Uncle Ruslan Tsarni, a patriotic American citizen, insisted that the action by his nephews were purely motivated by their own inability to make decent lives for themselves. Referring specifically to the surviving Dzokhar, he said, “[The bombing] has nothing to do with Chechnya … He put a shame on our family, he put a shame on the entire Chechen ethnicity.” Well, Chechnya has done enough to create its own image, but, in a way, he was right. At this point in Chechnya genuine aspirations for Chechen independence is being replaced by the radical Qutbite mentality. Chechnya and its people have become a major recruiting source for al-Qaeda and similar radical organizations. There was absolutely no reason for Chechens qua Chechens to hate America, but, as would be true for all people, Chechens who have made allegiance with destructive Muslim groups, such as al-Qaeda, will hate America along with everyone else. Now that we know the identity of the two perpetrators, evidence of their association with radical Muslims is coming out. And I keep wondering about Mr. Tsarnaev's not-so-veiled threat that if Dzokhar were killed, "all hell would break lose." For that to happen, there would have to be some group affiliation, and perhaps Mr. Tsarnaev's knows that his son is not quite the angel he has been calling him.

   
Luke Bible Study      

        Bible Reading:         Luke 6:46-49

v. 48:  “ He is like a man building a house, who dug deep and laid the foundation on the rock. When the flood came, the river crashed against that house and couldn’t shake it, because it was well built." (HCSB)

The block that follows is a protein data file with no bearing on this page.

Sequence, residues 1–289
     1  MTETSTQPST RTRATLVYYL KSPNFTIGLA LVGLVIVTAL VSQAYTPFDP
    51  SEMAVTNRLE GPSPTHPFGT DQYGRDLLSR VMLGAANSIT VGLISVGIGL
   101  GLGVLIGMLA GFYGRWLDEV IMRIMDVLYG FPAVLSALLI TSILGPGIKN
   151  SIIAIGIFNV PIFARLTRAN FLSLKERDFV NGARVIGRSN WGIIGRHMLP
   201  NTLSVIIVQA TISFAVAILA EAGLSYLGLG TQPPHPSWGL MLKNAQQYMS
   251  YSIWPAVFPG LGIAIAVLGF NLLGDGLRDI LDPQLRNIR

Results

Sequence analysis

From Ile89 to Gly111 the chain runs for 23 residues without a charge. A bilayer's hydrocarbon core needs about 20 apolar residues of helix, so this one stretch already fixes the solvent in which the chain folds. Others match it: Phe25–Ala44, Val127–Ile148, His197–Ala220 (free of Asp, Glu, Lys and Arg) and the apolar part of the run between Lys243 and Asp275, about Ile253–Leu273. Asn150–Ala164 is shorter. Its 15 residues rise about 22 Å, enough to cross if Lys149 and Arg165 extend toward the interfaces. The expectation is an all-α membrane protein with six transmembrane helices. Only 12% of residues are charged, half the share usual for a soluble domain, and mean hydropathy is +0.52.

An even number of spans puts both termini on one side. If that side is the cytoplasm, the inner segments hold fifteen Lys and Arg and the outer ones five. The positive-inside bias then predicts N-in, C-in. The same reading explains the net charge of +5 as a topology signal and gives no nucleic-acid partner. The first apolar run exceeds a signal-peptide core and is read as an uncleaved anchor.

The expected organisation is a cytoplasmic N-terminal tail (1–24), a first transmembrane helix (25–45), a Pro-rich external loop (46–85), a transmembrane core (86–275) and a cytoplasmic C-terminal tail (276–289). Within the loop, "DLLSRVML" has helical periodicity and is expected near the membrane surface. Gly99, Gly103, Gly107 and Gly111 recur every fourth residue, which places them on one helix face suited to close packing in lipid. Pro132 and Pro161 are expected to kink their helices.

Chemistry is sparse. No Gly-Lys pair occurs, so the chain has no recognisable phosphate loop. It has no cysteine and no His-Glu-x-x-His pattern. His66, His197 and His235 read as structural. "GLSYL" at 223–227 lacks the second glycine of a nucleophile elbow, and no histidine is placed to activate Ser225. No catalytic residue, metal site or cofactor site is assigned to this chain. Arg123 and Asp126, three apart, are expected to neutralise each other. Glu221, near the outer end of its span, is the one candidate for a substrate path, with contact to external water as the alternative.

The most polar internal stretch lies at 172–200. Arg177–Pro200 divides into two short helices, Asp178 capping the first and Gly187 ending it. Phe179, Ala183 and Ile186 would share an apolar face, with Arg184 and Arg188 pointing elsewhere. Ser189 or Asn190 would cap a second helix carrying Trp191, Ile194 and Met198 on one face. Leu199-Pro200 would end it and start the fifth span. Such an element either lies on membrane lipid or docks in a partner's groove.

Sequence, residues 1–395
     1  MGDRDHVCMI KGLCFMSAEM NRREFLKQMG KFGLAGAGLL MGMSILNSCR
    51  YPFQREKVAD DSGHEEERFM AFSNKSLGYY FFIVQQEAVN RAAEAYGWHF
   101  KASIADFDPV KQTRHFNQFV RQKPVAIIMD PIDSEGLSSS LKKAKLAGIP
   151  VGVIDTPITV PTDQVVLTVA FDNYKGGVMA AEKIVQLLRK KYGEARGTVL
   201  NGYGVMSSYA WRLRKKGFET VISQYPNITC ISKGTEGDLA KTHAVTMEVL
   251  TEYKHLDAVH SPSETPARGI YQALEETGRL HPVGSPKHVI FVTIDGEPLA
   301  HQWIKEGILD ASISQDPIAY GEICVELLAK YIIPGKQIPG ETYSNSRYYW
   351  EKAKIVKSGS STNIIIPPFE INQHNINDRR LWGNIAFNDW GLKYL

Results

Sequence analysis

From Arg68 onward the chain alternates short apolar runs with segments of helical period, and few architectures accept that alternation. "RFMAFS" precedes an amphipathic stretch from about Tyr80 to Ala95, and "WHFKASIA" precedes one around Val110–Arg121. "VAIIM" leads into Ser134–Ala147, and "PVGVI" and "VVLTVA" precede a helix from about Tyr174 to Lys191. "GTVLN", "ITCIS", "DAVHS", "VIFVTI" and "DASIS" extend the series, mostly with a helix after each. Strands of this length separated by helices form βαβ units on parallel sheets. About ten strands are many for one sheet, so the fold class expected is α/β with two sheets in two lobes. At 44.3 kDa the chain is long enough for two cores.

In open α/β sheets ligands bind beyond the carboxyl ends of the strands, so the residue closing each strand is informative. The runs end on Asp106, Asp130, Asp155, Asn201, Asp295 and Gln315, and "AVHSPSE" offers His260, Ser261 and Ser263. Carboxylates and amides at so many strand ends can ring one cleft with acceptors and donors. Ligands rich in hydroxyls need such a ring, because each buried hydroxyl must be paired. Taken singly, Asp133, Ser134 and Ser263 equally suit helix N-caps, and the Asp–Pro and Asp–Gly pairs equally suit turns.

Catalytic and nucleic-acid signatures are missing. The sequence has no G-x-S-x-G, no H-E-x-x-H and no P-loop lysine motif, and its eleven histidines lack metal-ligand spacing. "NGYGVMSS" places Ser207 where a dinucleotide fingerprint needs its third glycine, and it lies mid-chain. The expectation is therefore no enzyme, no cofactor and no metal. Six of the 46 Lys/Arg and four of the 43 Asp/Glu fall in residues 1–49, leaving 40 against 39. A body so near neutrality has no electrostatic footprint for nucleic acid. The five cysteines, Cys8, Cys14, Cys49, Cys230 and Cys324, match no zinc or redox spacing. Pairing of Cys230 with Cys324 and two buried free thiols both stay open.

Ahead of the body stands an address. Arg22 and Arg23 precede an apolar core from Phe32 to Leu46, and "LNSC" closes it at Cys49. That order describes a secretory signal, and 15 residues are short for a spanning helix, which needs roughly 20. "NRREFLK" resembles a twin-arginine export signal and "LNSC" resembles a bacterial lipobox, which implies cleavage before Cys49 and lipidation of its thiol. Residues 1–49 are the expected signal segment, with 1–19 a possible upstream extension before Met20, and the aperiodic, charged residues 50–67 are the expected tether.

It's getting fairly late, and there's not much left in my brain, and I'm taking tonight's passage out of sequence, but it just seemed to good to leave it for later.

I trust that most people reading this entry have had the pleasure as children to sing "The foolish man built his house upon the sand . . . ," and make a big huge noise at the end of that verse when it goes, "And the house on the sand went SMASH!" Or was that "CRASH!"? Or "CABOOM!"? Or all three and more? Well, nobody's house around here collapsed, as far as I know, but we've had some decent flooding, and that song just kept going through my head today. One of the simpler pleasures of life.

When I say "we," for the first time in many years I include our own house. I got up today to about seven inches of water standing in the basement. Part of that was my fault; I had left the end of the hose from the sump pump too close to the house when I moved it to cut the grass yesterday, and thus, as the pump was getting the water out, it had too much of an opportunity to seep back in. But, as much as I enjoy blaming myself for acts of nature, the real credit goes to the incredible amount of rain we've had.

This road heading West out of Alexandria is closed. As you know, I don't have my

good camera with a telephoto any longer, but I managed to use Jasc Paint Shop to

extract the road  at the end of the picture to show you that it's become impassable.

Touch the picture with your mouse cursor for long-distance viewing.

 

Let me show you a few more pictures, and then we'll let it be for tonight.

 

Pipe Creek

Property off SR9

Mud Creek

Mud Creek

 

Mud Creek

Thanks to those who prayed for our sump pump to hold out. It did.

More on this passage and its predecessors next time.